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JAMA. 2001 Nov 7;286(17):2107-13.

Relationship between interleukin 6 and mortality in patients with unstable coronary artery disease: effects of an early invasive or noninvasive strategy.

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Department of Medical Sciences, Clinical Chemistry, University Hospital, S-75185 Uppsala, Sweden.



Inflammatory activity is associated with high rates of long-term mortality in unstable coronary artery disease (CAD). Interleukin 6 (IL-6) induces C-reactive protein and fibrinogen, systemic markers of inflammation.


To determine whether plasma levels of IL-6 are predictive of mortality and to evaluate the interaction of IL-6 levels with the effects of invasive vs noninvasive treatment strategies in unstable CAD patients.


The prospective, randomized Fragmin and Fast Revascularisation During Instability in Coronary Artery Disease II trial, conducted among 3489 patients, 3269 of whom had plasma samples analyzed for IL-6 levels, with diagnosed unstable CAD (67% male; median age, 67 years) at 58 Scandinavian hospitals between June 1996 and August 1998.


Patients were randomly assigned to receive either an early invasive (n = 1222) or a noninvasive treatment strategy (n = 1235). The latter group, as well as 666 patients with contraindications to invasive therapy, were further randomized to 90-day treatment with low-molecular-weight heparin (dalteparin, 5000-7500 IU twice per day; n = 1140) or placebo (n = 1127).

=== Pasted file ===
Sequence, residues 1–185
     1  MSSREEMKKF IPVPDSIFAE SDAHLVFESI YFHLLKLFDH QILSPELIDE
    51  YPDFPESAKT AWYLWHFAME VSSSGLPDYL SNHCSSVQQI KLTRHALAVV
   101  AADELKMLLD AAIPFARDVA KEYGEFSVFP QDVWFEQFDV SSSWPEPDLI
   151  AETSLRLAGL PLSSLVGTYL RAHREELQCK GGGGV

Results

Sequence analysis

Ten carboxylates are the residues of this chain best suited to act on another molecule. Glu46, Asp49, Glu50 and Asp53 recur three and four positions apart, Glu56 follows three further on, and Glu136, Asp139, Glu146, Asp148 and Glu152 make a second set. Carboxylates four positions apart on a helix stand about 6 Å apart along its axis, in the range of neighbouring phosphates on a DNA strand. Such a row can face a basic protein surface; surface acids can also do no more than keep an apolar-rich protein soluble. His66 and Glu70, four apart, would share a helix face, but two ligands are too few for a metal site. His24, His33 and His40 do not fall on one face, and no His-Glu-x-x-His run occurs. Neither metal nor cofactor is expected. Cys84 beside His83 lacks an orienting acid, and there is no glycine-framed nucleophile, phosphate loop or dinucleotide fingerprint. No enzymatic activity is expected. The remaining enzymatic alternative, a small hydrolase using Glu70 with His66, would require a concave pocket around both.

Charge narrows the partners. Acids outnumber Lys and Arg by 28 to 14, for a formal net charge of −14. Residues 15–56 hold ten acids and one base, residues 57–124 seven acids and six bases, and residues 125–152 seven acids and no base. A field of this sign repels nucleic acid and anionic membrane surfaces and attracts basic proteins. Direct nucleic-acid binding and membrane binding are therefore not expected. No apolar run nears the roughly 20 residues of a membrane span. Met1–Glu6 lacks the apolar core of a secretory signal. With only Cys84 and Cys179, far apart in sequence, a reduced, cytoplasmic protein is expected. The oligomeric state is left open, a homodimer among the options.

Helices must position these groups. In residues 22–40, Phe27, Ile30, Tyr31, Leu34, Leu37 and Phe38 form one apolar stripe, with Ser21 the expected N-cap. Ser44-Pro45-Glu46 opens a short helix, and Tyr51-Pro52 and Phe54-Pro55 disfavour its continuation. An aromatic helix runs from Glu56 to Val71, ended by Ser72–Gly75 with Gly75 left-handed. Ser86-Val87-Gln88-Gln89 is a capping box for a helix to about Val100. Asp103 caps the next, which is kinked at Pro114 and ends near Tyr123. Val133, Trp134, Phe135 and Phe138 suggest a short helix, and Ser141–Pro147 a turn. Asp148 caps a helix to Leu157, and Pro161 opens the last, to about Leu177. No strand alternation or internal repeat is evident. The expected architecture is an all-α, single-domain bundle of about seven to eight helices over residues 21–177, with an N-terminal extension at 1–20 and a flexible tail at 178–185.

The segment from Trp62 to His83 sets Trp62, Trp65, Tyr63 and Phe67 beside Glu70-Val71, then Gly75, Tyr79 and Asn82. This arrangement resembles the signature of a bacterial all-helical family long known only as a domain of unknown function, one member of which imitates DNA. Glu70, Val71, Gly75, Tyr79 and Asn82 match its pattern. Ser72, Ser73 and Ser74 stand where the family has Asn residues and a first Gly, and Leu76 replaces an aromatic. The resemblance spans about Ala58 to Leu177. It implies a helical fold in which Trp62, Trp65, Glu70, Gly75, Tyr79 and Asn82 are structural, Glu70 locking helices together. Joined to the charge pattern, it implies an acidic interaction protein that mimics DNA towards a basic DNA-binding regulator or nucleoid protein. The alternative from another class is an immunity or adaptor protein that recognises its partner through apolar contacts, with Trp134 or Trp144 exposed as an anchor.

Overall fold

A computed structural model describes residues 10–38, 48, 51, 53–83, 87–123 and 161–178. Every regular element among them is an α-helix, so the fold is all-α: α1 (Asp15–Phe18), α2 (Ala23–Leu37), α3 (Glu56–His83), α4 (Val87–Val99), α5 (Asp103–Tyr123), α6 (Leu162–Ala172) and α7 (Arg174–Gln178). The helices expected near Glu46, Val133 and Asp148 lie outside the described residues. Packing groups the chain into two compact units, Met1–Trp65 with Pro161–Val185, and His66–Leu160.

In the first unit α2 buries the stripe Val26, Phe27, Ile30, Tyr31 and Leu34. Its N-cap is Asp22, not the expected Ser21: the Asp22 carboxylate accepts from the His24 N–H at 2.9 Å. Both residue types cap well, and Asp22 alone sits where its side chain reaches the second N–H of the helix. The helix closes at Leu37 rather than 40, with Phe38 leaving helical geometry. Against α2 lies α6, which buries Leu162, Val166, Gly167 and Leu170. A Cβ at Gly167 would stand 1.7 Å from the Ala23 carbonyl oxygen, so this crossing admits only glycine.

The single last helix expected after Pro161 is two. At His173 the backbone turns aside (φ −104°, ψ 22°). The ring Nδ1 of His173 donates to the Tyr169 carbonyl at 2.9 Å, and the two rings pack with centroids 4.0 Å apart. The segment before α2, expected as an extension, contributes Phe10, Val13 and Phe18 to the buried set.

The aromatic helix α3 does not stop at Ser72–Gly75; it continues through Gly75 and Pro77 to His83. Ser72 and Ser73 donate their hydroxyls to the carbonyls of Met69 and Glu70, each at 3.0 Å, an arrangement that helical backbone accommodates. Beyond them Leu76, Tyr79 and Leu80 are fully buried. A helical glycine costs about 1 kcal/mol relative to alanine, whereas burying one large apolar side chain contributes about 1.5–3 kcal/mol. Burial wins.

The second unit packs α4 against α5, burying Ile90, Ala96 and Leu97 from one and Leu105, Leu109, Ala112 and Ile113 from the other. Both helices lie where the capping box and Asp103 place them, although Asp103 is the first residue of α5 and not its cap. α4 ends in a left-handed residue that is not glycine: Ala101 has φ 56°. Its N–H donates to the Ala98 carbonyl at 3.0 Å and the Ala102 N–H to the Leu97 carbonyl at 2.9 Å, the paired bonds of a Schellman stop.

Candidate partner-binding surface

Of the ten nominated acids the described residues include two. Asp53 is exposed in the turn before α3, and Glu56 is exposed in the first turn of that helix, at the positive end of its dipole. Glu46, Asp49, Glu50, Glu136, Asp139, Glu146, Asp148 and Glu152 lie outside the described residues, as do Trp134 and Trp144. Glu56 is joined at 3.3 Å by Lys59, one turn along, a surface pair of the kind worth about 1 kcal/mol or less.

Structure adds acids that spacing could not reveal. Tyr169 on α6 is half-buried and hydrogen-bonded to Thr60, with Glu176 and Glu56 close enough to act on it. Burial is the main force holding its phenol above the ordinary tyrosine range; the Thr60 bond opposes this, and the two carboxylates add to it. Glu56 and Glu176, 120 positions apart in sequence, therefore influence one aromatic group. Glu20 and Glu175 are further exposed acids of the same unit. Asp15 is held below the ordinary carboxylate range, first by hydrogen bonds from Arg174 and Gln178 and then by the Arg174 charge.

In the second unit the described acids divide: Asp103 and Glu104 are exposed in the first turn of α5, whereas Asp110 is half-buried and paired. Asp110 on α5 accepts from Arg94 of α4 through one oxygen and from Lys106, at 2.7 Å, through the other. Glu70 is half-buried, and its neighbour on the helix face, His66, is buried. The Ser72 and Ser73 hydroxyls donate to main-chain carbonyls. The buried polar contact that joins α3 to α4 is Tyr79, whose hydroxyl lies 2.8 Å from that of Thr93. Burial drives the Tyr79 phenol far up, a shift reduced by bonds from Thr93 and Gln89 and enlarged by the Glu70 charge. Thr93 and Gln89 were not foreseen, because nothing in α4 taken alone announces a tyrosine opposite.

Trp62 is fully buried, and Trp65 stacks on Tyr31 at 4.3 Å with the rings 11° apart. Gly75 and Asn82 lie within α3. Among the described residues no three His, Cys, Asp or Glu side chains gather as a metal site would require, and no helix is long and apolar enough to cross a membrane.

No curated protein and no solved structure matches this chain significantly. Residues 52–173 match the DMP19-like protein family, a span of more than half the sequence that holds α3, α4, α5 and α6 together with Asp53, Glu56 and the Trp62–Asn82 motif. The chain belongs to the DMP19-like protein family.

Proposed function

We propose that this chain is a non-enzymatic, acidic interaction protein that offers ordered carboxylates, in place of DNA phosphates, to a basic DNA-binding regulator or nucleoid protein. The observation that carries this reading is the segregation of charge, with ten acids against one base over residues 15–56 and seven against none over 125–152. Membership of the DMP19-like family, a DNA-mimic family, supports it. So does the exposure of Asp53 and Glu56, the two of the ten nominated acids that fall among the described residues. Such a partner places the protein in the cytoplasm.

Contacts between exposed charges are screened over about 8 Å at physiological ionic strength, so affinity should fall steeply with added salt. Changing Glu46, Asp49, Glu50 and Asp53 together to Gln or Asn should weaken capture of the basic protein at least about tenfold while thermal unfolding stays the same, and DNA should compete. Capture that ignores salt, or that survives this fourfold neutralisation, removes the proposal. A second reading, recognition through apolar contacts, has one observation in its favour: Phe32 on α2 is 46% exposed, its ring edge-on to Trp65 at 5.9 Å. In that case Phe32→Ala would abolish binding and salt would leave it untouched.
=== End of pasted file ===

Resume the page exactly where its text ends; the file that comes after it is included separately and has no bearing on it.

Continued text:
Mortality at 6 and 12 months in the medically and interventionally randomized cohorts, respectively, in relation to IL-6 levels, measured at randomization.


Plasma levels of IL-6 that were at least 5 ng/L compared with levels lower than 5 ng/L were associated with greatly increased mortality in the noninvasive group (7.9% vs 2.3%; relative risk [RR], 3.47; 95% confidence interval [CI], 1.94-6.21) and in the placebo-treated group (7.9% vs 2.5%; RR, 3.19; 95% CI, 1.77-5.74). The association remained significant after adjustment for most established risk indicators. An early invasive treatment strategy strongly reduced 12-month mortality among those with elevated IL-6 levels (5.1% absolute reduction; P =.004) whereas mortality was not reduced among patients without elevated IL-6 concentrations. Those taking dalteparin with elevated IL-6 levels experienced lower 6-month mortality than those who did not take dalteparin (3.5% absolute reduction; P =.08).


Circulating IL-6 is a strong independent marker of increased mortality in unstable CAD and identifies patients who benefit most from a strategy of early invasive management.

[Indexed for MEDLINE]

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